Dig Baton Rouge

Prayer or Protest?

By John Hanley

With almost 800 students and faculty members up in arms, LSU is in quite a stir. They’ve been in action, preparing their own response, since catching wind of another group that is hosting an event for itself.

And tension is only building as the end of January draws near.

A few weeks ago, Bobby Jindal announced plans to host Louisiana’s version of the “Response,” a nation-wide event in which religious members of the community gather to pray together.

Jindal’s plans involve a gathering on January 24 at LSU’s Pete Maravich Center, where students and other members of the public are invited to “turn back to God” in a “time of prayer, of fasting, of repentance, [and] of celebration,” according to Jindal’s video invitation.

“Students who are LGBT, not white, not male, not a particular brand of Christian all felt really threatened and like their space had been invaded.” – Bruce Parker

The rally’s Facebook currently has about 330 attendees, including Sara Spencer, an LSU alumna.

“I foresee [the rally] being an encouragement to unify our state and whoever attends to join in prayer,” she said. “It’s a positive outlook on what we want our state and our country to be.”

Spencer says her goals and hopes for the rally are simply unity and prayer.

“Whether they believe in Christ or not, [the rally can] unify different people,” she said. “It’s a vision for individuals who want something better for our state.”

Although, as Spencer said, the Response rally hopes to be a unifying force, many students and faculty feel the rally has potential to be more exclusionary than unifying for the community.

“Students who are LGBT, not white, not male, not a particular brand of Christian all felt really threatened and like their space had been invaded,” said Bruce Parker, a PhD student at LSU, along with Coalition Manager at Equality Louisiana and Executive Director of Louisiana Progress.

Parker is one of the many members of the LSU community attending student Peter Jenkins’ protest and daylong event.

Jenkins’ event, entitled “Organize, Reflect, Act: A Day of Action for Justice in Louisiana,” is acting to contrast the beliefs behind the rally and to spread awareness about many students’ thoughts on the issues that the rally has brought up.

“Whether they believe in Christ or not, [the rally can] unify different people. It’s a vision for individuals who want something better for our state.” – Sara Spencer

The event involves the protest itself, but also involves different activities like workshops, panels, and networking sessions to spread awareness throughout campus.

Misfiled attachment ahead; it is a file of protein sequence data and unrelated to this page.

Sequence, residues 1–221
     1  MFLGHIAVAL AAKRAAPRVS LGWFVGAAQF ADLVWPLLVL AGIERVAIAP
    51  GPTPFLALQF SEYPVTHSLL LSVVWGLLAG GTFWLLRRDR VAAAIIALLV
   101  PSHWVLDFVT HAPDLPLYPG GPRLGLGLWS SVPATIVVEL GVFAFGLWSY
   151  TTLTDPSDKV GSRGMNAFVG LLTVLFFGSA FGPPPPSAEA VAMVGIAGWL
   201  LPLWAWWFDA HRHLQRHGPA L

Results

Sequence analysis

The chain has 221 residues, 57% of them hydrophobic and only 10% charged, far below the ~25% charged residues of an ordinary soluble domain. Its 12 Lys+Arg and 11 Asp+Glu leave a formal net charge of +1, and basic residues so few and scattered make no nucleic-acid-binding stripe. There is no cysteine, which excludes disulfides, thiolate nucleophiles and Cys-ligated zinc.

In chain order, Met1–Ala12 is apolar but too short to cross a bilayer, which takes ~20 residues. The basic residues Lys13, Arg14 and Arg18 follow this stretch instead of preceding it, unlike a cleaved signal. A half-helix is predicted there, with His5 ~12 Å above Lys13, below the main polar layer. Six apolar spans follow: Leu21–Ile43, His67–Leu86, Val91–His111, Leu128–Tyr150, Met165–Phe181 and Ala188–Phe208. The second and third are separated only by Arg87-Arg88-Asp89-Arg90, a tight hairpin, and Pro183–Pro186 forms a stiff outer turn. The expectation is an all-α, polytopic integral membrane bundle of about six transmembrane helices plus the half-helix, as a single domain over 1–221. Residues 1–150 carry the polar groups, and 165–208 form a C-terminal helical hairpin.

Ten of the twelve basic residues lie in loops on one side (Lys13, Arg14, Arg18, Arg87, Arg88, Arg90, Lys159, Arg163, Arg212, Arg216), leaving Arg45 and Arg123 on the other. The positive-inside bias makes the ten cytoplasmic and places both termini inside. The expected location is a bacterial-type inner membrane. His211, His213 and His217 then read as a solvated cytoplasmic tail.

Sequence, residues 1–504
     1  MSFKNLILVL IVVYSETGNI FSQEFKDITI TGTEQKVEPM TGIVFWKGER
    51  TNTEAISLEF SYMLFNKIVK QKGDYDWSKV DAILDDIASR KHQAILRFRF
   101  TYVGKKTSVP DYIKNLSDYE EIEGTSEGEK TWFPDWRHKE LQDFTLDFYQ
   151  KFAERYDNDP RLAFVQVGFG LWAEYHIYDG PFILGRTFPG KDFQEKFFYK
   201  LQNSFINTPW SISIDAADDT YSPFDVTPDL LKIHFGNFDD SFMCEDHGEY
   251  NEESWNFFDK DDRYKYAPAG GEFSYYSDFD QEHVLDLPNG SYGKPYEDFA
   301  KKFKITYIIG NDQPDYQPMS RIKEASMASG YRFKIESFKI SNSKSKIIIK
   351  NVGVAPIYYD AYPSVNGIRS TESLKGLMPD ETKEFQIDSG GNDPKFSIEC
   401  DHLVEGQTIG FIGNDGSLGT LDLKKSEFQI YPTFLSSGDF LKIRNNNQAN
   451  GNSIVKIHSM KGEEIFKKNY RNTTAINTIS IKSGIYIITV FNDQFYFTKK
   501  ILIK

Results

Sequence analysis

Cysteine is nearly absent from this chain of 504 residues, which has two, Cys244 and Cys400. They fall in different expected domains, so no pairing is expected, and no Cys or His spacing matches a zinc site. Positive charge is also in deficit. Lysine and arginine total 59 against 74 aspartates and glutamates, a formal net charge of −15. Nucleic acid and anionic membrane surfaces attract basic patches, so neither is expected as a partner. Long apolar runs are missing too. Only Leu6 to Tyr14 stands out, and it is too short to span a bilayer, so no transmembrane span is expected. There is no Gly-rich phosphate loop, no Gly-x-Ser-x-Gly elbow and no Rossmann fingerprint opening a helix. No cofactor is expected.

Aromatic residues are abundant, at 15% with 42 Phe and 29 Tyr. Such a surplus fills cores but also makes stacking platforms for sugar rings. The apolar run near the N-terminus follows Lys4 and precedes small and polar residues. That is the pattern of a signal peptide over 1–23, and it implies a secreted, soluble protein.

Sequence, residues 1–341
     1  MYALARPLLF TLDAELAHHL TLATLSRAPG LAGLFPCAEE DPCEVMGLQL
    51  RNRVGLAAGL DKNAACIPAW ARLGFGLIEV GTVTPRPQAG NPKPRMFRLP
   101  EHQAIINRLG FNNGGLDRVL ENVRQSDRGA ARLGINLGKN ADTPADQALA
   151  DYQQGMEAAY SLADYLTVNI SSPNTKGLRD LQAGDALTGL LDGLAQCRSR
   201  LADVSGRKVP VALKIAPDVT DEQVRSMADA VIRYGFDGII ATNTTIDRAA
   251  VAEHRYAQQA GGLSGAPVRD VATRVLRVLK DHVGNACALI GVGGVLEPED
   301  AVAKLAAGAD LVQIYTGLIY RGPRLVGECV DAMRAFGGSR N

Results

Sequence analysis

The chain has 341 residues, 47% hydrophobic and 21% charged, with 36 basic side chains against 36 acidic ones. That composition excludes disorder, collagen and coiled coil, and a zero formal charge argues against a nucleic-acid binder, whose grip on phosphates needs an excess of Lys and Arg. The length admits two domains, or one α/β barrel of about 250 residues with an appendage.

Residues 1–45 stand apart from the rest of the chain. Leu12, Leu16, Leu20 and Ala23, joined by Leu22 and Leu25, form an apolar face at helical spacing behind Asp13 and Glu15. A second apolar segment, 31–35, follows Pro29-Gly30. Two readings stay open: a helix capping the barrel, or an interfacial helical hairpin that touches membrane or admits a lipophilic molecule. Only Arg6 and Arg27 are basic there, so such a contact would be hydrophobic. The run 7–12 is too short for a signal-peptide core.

“The cool thing about the counter-protest is it’s an example of students coming together and deciding to change something and push back about something,” said Parker.

Although many protesting students do not have a problem with religious expression and prayer, most have taken issue with the rally’s sponsor, the American Family Association.

The AFA has been designated by the Southern Poverty Law Center to be a hate group based on its strong, anti-gay stance, and it also holds the belief that societal issues like abortion, pornography, and single mothers are the cause of natural disasters like Hurricane Katrina.

Naturally, this has a lot of the student body on edge.

Michael Beyer, a member of LSU organization Spectrum, says that by partnering with the AFA, Gov. Jindal has failed to support LSU’s goals as a community.

“He’s neglected the mission of LSU to respect all types of diversity, and really trampled on our university and other universities around the state,” said Beyer.

However, despite the many problems protestors may have with the rally and Gov. Jindal’s decision to host it, the mission of the protest is not to be hateful, but to start conversation about Louisiana’s – and America’s – political and social issues.

On the other side of the issue, despite the AFA’s controversial and potentially problematic views, all those attending the Response rally may not hold those same views, and may simply want to join in prayer with members of the same faith.

As is the case with Sara Spencer, some attendees are just joining in to pray, and have no problem with the protestors.

“I don’t think [the protest] is a bad thing at all,” said Spencer. “If you’re angry about something, you can show your passion about that anger, but don’t hate people because of it.”

In Spencer’s view, the rally is not about exclusion or hate.

“I realize there [are] deeper roots of issues, but that’s not what we’re getting together about. We’re not getting together to hate on different belief systems. We’re getting together to be encouraged and make things better,” she said.

Protestors like Parker and Beyer have quite a different perspective of the rally, but as the protest’s event page states, the event is ultimately about “embracing our differences…to [build] the kind of state we want to live in.”

Both groups, though, share the same basic principle: the right to profess and protect their beliefs. It’s up to students and members of the Baton Rouge community to choose which beliefs suit them.

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